Transgender Dogs

| 0 comments

Image Credits: Pixabay

When it comes to awareness, a transgender dog does not exist. The main qualification to be a transgender is to make sense of one’s own gender which is not linked to the sex of the body. Canines do not have this awareness. There are many instances, however, when owners have found their dogs to be so, and the animals subsequently had gender reassignment surgery. There is a good reason owner have felt their dogs to be transgender.

One example can be given of a British couple who adopted a female puppy. They soon figured out that their puppy is exhibiting unusual behavior. Since it was trained to urinate in a female position, it did so inside the house. However, it did the same deed in the male position when outside. When the owners took the dog to the veterinarian, the specialist told them it could be a hermaphrodite, meaning the dog has both female and male genitalia. Later investigation led to the realization that it was an intersex dog. Canines of this kind whine more and lick their bodies more than other dogs. These dogs also urinate in the male position even though it appears like a female.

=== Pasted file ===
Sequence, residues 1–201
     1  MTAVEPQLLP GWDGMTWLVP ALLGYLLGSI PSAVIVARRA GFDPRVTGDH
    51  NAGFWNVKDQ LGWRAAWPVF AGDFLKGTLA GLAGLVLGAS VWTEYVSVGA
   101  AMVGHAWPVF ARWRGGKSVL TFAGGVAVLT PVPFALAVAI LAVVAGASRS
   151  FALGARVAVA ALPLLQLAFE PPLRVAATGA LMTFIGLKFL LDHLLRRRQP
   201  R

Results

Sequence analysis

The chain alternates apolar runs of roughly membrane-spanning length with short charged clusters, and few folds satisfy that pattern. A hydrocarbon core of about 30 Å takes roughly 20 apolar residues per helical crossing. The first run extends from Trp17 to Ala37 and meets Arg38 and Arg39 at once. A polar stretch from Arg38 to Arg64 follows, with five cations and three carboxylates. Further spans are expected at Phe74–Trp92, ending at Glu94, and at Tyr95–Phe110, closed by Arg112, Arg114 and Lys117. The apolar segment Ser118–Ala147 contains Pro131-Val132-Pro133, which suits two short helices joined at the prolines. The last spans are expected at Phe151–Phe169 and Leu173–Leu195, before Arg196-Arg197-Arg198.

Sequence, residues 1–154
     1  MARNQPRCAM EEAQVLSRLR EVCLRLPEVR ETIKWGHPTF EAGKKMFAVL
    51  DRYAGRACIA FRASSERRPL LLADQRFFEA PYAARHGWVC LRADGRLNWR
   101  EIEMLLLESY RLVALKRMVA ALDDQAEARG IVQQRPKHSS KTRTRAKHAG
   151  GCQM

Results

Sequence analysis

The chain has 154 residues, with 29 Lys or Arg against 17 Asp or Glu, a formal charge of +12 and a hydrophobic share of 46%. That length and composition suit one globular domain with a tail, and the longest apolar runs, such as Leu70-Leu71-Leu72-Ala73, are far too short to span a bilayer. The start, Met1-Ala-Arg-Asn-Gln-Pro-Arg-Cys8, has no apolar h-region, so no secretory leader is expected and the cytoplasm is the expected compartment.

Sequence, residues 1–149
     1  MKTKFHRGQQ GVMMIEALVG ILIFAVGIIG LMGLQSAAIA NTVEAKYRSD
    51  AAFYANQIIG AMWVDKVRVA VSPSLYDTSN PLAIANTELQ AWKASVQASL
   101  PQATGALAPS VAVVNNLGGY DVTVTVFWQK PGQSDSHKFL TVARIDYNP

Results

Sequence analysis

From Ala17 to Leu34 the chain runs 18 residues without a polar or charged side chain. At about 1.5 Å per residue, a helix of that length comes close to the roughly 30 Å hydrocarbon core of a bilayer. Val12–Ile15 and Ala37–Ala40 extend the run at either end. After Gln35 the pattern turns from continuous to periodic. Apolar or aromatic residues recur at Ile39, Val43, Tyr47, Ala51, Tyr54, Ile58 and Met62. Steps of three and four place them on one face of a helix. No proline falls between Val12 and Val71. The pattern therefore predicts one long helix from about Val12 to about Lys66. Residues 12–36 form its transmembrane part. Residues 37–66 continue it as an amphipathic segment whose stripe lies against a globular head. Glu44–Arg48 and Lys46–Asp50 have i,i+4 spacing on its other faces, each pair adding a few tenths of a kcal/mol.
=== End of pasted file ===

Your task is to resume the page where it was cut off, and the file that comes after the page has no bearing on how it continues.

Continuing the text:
Training and maturity

If your dog is intersex, do not worry. The innate nature of a dog depends on how it got raised and trained. A canine can be affectionate or aggressive. It depends on the environment within which the dog was brought up. Any dog’s behavior depends on its training. The sex of the dog, however, affects its rate of learning. The female dog is smarter and learns quickly. They are smaller compared to male dogs and reach maturity earlier. It is easier to train a female dog than a male one. Do understand that training has nothing to do with intelligence but depends on maturity. Since females mature faster, they are also much easier to train. Start training your dog when it is still a puppy. If it has not been neutered or spayed, then do the procedure as quickly as possible. 

More than we expected It is not unusual in the animal world to have some animals which can change sex between genders and have both male and female characteristics. It is to be kept in mind that the male and female sex could overlap both in humans and in animals. Dogs cannot be an exception. Animals which can change their sex do this through a process termed sequential hermaphroditism. Three outcomes can be done in this regard: protogyny where females change into males, protandry where males turn into females, and where a living thing is born both male and female and has the power to assume any sex later in its life. The last can be observed in fishes.